The recent news that Big Ben would be silent for the next few years, as the famous Great Westminster Clock Tower and bells underwent refurbishment, brought back a fond memory. Being there had been a high point, but only one among many such ‘high points’ that I have experienced.
Since I first climbed the steep, iron ladder in my local church in Clonskeagh many years ago I have been fascinated with the views from such tall buildings and the perspective each offered. At the end of that maiden ascent, my first ‘high,’ I was filled with nervous excitement as I looked out over the Dublin Mountains; all the way into the city and across the blue waters of the bay to Howth. It was better than I had expected, and I have never lost that sense of anticipation of what it was like ‘going to the top’.
Over the years I have had the good fortune to visit many places and always tried to make time and climb to the top of local towers and steeples.
From the top of the Torre di Lamberti in Verona the red-tiled roofs stretched below me like the cover on a great jigsaw box. The skyline of New York was stunning in the early, morning light from the top of the Empire State Building, and the Golden Gate Bridge was a tiny speck in the distance from the observation platform of the Campanile at Berkeley. However, a nighttime climb to the top of the Arc de Triomphe where a cold, whipping wind brought some unease, the lights of Paris sparkling in their pre-Christmas splendour made it worthwhile.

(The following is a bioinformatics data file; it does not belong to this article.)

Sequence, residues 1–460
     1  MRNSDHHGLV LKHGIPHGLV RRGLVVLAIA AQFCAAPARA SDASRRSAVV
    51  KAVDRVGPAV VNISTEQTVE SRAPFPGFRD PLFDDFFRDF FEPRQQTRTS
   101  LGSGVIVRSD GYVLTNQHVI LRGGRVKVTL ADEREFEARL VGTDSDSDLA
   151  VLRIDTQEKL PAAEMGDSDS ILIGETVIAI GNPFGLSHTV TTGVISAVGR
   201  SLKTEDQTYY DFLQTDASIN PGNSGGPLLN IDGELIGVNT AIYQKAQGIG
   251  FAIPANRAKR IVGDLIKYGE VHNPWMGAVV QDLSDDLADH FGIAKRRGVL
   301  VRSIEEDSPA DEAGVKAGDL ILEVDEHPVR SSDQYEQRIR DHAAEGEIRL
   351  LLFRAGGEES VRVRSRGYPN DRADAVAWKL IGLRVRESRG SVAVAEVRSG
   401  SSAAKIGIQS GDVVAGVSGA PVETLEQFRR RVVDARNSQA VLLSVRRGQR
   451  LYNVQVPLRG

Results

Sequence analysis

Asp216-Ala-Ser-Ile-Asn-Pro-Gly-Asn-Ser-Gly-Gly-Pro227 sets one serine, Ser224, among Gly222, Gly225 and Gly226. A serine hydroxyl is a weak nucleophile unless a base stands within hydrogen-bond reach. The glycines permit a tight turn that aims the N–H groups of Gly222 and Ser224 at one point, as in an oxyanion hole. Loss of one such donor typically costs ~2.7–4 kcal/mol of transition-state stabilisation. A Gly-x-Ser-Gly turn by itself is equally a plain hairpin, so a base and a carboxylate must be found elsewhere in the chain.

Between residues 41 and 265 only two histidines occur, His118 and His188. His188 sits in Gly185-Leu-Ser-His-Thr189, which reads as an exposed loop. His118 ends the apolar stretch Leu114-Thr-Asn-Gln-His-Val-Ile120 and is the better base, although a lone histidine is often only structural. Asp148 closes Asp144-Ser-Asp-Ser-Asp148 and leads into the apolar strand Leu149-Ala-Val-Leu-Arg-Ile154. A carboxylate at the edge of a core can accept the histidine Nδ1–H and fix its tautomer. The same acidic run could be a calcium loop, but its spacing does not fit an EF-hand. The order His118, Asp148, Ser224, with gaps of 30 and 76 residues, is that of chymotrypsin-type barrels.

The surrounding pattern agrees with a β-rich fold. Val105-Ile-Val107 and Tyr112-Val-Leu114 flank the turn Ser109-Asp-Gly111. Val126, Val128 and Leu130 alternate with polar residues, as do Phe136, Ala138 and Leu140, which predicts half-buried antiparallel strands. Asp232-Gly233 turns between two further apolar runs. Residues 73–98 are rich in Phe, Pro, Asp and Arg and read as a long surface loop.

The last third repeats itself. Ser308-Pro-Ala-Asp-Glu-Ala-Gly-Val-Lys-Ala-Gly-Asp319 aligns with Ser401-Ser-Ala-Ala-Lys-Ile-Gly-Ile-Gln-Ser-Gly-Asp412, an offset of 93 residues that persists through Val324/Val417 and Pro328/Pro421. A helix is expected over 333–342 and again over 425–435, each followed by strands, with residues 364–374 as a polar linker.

Sometime later when I worked in Westminster, I used to walk past and invariably looked up at its most iconic landmark, the Great Westminster Clock Tower . Being part of the Palace of Westminster there is a high level of security but my boss, thankfully, arranged for me to join a group of sightseers. I was excited and, on the appointed day, strained my neck looking up at the famous tower as it lay against a clear, blue sky. High above, the north clock face sparkled as the hubbub of anticipation spread among the group.
Our guide led us into a small entrance where he told us about the history of the tower and its impressive statistics. It stands 315 feet high and the four clock faces were the largest of their kind in the world when erected. Each is twenty-three feet across and is made of over three hundred pieces of opal glass. The minute hand alone is fourteen feet long, and looked every inch of it when I passed by and looked down through the gap in the face and imagined Richard Hannay hanging from it in the climax of film The Thirty Nine Steps. Higher still, and onto the last of the 334 limestone steps, we came into the small belfry where five bells silently waited. There are four small bells that ring on the quarter hour and the Great Bell, better known as Big Ben, which strikes on the hour.
‘Right, ladies and gentlemen,’ said our guide ‘it’s almost noon, so please get ready for a lot of noise. It’s pretty loud.’ He grinned, placed his hands on his ears and some of the group copied him. I was standing about four feet from Big Ben, with only a wire mesh preventing me from reaching over and tapping it. It’s huge, weighing over thirteen tons and is over seven feet tall. Up close it’s truly impressive but the sound, when it came, was awesome.
First came the quarter bell and some people cheered, their eyes lighting up excitedly. A woman beside said something but I couldn’t hear her, while all around people were giggling. Then there was a slight pause before the hammer struck Big Ben for the first of its twelve rings. The noise was deafening and I felt my chest and head almost explode with the din. After seven or eight rings I started to laugh, and couldn’t stop. The woman tapped me on the arm and shouted ‘What is it?’
‘I was wondering where Trevor McDonald was,’ I cried, wiping tears away. The sound was incredible but the bell’s purity of tone left only a fond memory. I still enjoy going ‘to the top’ but the experience of visiting Big Ben will live long, and loud, in my memory. Ding dong indeed!